Georgia Tech should be wary of everyone — Kennesaw State included

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Georgia Tech coach Geoff Collins addresses the preparation efforts for the Owls' offense ahead of Week 2 matchup.

When the Georgia Tech-Kennesaw State football match was made back in October 2014, the Yellow Jackets were on their way to their last special season under Paul Johnson. And the Owls were still in the womb, nearly a year away from making their first sanctioned option pitch.

Think of how that game looked back then: It was a pat-on-the-head kind of gesture, Johnson helping his former long-time assistant Brian Bohannon who was trying to get KSU off the ground. In ‘14, Tech would beat Georgia and take out Dak Prescott and Mississippi State in the Orange Bowl on the way to 11 wins. KSU was an amorphous blob.

Surely when this meeting would happen it would be a nice little story, but a mismatch seven years in the making between a long-storied program and the cute, plucky one 24 miles up I-75.

And my, now that the game is only days away, how the view has changed: The Jackets are 6-17 under coach Geoff Collins and are reeling, having just lost to one of those directional schools, Northern Illinois. Kennesaw State, employing the very option offense that was expelled from the Flats when Johnson retired in 2018, has quickly become a power player in the second-level FCS (Bohannon is 53-16 there).

Just the mere possibility of losing this game has to be terrifying for Tech, filled with worst kind of dreadful scenarios of a Paul Johnson acolyte coming back to upset the Jackets after they had renounced Johnson and his option football. Not saying it’s going to happen, but that’s a lot more realistic to picture now than it was in 2014.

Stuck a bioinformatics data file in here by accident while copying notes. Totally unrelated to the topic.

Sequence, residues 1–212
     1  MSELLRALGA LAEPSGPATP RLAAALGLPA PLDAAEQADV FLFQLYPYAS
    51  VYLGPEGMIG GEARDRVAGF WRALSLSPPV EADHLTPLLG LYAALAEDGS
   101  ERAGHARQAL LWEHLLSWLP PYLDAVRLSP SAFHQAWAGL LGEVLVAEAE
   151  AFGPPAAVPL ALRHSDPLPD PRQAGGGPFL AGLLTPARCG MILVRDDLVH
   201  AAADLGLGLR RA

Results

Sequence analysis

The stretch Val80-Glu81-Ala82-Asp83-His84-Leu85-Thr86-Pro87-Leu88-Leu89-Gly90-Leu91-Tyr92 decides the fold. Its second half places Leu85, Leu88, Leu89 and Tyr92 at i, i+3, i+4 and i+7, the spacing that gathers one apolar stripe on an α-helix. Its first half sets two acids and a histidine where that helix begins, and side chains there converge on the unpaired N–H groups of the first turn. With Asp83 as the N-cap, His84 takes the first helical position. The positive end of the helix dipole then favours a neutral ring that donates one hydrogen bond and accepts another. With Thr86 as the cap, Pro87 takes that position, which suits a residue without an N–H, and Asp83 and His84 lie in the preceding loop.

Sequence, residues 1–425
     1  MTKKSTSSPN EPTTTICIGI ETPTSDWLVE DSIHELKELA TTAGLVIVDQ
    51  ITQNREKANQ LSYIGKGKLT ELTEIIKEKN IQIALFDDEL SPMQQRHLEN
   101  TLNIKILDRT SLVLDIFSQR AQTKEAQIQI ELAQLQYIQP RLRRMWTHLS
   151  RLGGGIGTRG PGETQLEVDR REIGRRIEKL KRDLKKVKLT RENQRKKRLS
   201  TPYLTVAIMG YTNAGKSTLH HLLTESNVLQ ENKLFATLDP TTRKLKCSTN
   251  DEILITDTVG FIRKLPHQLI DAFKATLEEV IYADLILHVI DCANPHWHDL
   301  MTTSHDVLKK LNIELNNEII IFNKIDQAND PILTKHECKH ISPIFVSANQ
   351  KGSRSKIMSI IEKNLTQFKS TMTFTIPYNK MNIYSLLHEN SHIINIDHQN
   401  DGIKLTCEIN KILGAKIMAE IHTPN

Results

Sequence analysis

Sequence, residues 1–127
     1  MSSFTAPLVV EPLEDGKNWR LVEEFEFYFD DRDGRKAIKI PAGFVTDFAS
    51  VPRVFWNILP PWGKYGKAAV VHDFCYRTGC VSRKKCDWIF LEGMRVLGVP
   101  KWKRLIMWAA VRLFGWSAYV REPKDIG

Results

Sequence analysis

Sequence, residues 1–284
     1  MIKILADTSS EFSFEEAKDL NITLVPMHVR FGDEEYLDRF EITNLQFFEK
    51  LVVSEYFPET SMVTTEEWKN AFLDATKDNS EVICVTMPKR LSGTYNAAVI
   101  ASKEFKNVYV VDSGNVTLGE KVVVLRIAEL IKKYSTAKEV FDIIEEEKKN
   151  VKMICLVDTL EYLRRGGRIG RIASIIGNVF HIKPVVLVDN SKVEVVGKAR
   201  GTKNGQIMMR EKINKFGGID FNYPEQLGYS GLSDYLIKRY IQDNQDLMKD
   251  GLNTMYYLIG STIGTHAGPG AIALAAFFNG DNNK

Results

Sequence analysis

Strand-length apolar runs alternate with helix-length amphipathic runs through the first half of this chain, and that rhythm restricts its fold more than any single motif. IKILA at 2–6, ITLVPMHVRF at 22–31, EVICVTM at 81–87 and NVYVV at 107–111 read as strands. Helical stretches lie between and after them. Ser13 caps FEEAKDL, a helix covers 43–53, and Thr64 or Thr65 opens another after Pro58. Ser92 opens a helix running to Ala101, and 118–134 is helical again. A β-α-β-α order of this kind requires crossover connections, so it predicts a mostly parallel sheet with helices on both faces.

Bohannon can picture it.

“I don’t think we’ve ever gone into a game we thought we couldn’t win. I don’t know why that should change now,” he said Tuesday.

This will be only the third-ever game against a FBS opponent for KSU —– it lost to Georgia State and Kent State — and its first against a Power 5 opponent. Saturday represents the rarest kind of opportunity for the Owls to share a field with an entrenched program in its own state and declare: Hey, look at us, we can play, too.

“I think we’re always searching for (recognition),” Bohannon said. “We want people to recognize what’s going on with Kennesaw State football. The stage will be the biggest one we’ve been on in a while. What a great opportunity for our program to be on this stage to show who we are and what we’re about.”

Bohannon was a part of Johnson’s staff at Georgia Southern, Navy and Tech, where he was the quarterback/B-back coach between 2008-12. He counts Johnson as his own personal Plato – “I would not be sitting here today without coach Johnson. I owe a ton to him,” he said. Although it’s not like he’s returning to Tech bogged down in syrupy sentiment. Like he said, connections are about people, not places, and all the coaches and players he worked with at Tech have long since scattered.

Tech fans of any standing at all will recognize the offense KSU is bringing to Bobby Dodd Stadium on Saturday. There may be tweaks here or there, but Bohannon remains a big believer in what he learned under Johnson.

“We do some things different, but fundamentally as far as the nuts and bolts, it still goes back to (Johnson’s philosophy) at the end of the day,” he said. “We want to line up and play fast and play hard and be tough, and we want to be able to run the football. I don’t know that has changed a lot.”

To be determined Saturday is whether KSU can stand up physically to an opponent that should enjoy a wealth of recruiting advantages. Also, Bohannon needs to see a lot more from his Owls than he did in their 10-point win over NAIA Reinhart in their opener. “The amount of missed assignments was off the charts; we were all over the place,” the coach said.

It’s all the possibilities littering the short road to this game that will keep Jackets people on edge. Collins already has lost once to a supposedly undermanned, option-based FCS school (2019, The Citadel, which ran for 320 yards that day). And in just the past week, precedents for an upset were everywhere – six FCS schools beat an FBS opponent.

There’s a message Bohannon has drilled into his players to take them beyond the presumed limits of a 6-year-old program. “We’ve always told our kids, our best is good enough,” he said.

That rings true more than could have been imagined in 2014. For this game arrives with some heft. By all rights it shouldn’t. But Tech is vulnerable. Kennesaw State is hungry. Always a dangerous combination.

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